With two incumbents fighting to keep their jobs and three spots left wide open by term limits, the Democratic primaries this month are expected to have a major effect on the makeup of the next Prince George’s County Council.
The Democratic Party utterly dominates county politics, and its nominees are almost certain to join the nine-member council that after the November elections will deal with several important economic development projects and other pressing concerns.
The county of nearly 880,000, the wealthiest majority-black county in the nation, is beset by a mortgage foreclosure crisis as it struggles to emerge from a recession that also caused extensive job losses. And County Executive Rushern L. Baker III (D) and other officials have been working to remake the county’s image by highlighting its progress against violent crime and efforts to reform a low-performing school system.
Here is an overview of the contested races.
District 7: The inner-Beltway communities of District 7 are home to some of Prince George’s most troubled neighborhoods, where crime and blight abound. Boosters say the district brims with promise and has improved.
Incumbent Karen Toles said she played a part in efforts to tear down crumbling buildings, increase homeownership and secure funding for development near Metro stations during a first term. But she also came under fire for speeding in a county-issued vehicle in 2011.
“You really have to advocate to get things done,” Toles said. “I can’t revitalize my community without bills like CB-18,” referring to a 2011 measure that gave police the power to shut down dance halls in response to a spate of homicides.
But that measure made enemies. Bruce Branch is running to repeal the law, which he said discriminates against businesses. “Dancing is now illegal in the county,” he said.
Another challenger, former Capitol Heights mayor Kito James, would redistribute resources that he said have been funneled almost exclusively to Toles’s home base in Suitland.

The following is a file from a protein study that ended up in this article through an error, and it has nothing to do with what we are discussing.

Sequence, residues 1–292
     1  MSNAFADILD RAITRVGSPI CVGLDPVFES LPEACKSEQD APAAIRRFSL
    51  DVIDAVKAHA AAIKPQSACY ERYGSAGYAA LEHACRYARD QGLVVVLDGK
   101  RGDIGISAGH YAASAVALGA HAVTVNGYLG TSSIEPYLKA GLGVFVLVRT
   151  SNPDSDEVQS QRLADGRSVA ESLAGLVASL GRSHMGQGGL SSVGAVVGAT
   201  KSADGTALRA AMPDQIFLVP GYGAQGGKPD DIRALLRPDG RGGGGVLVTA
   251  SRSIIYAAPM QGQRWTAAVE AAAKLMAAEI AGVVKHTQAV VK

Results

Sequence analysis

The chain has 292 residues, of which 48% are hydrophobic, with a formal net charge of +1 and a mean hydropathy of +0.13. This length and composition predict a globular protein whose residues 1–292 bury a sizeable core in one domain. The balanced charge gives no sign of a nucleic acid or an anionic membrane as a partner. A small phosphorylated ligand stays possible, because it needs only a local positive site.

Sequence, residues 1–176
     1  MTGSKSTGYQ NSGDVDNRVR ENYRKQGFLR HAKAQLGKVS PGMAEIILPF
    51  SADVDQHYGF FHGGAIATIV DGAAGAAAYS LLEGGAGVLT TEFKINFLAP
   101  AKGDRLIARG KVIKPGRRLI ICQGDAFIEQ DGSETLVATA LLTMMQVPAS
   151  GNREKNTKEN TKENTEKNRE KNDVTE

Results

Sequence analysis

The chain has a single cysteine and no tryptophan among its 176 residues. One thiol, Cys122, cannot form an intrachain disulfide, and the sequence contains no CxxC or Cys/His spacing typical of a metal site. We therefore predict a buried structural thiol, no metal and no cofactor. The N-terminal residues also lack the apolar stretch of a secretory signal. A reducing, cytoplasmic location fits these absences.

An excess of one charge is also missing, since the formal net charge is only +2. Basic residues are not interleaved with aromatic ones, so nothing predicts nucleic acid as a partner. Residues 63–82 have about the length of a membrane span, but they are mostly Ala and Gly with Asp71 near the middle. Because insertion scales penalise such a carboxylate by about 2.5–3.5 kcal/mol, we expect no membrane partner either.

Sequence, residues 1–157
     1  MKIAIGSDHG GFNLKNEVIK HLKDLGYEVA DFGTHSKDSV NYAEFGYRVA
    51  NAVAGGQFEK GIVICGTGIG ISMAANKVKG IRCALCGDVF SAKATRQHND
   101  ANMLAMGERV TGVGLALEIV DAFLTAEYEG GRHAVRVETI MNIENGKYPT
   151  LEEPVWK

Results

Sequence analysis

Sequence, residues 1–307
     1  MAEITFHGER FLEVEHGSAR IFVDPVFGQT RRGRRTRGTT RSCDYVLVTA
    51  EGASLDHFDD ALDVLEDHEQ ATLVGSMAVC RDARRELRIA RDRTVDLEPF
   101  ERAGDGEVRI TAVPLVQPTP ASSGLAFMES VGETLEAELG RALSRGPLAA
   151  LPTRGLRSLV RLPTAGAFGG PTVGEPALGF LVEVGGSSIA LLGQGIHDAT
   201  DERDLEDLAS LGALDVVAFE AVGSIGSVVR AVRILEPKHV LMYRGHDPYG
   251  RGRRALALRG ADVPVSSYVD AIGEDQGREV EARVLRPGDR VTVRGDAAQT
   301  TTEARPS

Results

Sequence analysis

“Capitol Heights was not getting resources. It’s been tough to get support,” he said.
A D.C. native, James said District 7 could be the economic engine of Prince George’s, with its three gateways into the city: Pennsylvania, Central and Branch avenues.
Military veteran Greg Falls said he is running to give a voice to voters who oppose same-sex marriage and gambling and want more jobs.
District 3: Danielle Glaros is considered the front-runner for a seat that is being vacated by her term-limited boss, Eric Olson. As Olson’s chief of staff, Glaros said, she helped prepare legislation, assisted constituents and pushed policy initiatives.
The largest item in the Prince George’s budget is also the issue of utmost concern to the mother of two: the school system. Schools need smaller classes, she said, and the system must compete to recruit and retain the best teachers in the region.
“Where you live in the county should not determine the quality of your school,” Glaros said.
She is running against former New Carrollton City Council member Jim Wildoner, who ran for the seat as a Republican in 2006, and mental health therapist Terence Collins.
District 6: Incumbent Derrick Leon Davis said he wants to help Prince George’s entice Fortune 500 companies to the wealthiest majority-African American jurisdiction in the nation. “Our tax base is upside down; it’s more residential than commercial,” Davis said. “The cities that flourish typically have an opposite reality.”
Davis, who started as an official in the school system, ran for office twice unsuccessfully before winning a special election to fill the seat vacated by Leslie Johnson after she was snared by a federal corruption probe.
Davis said he broke the impasse on gaming legislation and initiated a performance audit for Prince George’s schools. He regularly votes for new development and works closely with the Baker administration to remove roadblocks to development.
Education goals must include an emphasis on early childhood education, he said.
Levi, a former labor lobbyist, said that Davis, as chair of the housing committee, had no agenda for helping homeowners. “Recovering our home values is one of the most important issues facing Prince Georgians,” she said.
Levi also filed an ethics complaint against Davis after his office mailed a newsletter to constituents a few weeks ahead of the primaries. Levi said he is “electioneering on the county dime,” by targeting Democratic voters with promotional material. Davis dismissed the complaint as frivolous.
She and Davis have both received donations from unions. Davis also secured support from elected officials such as Baker and PACs tied to Comcast, Washington Gas and Maryland Realtors.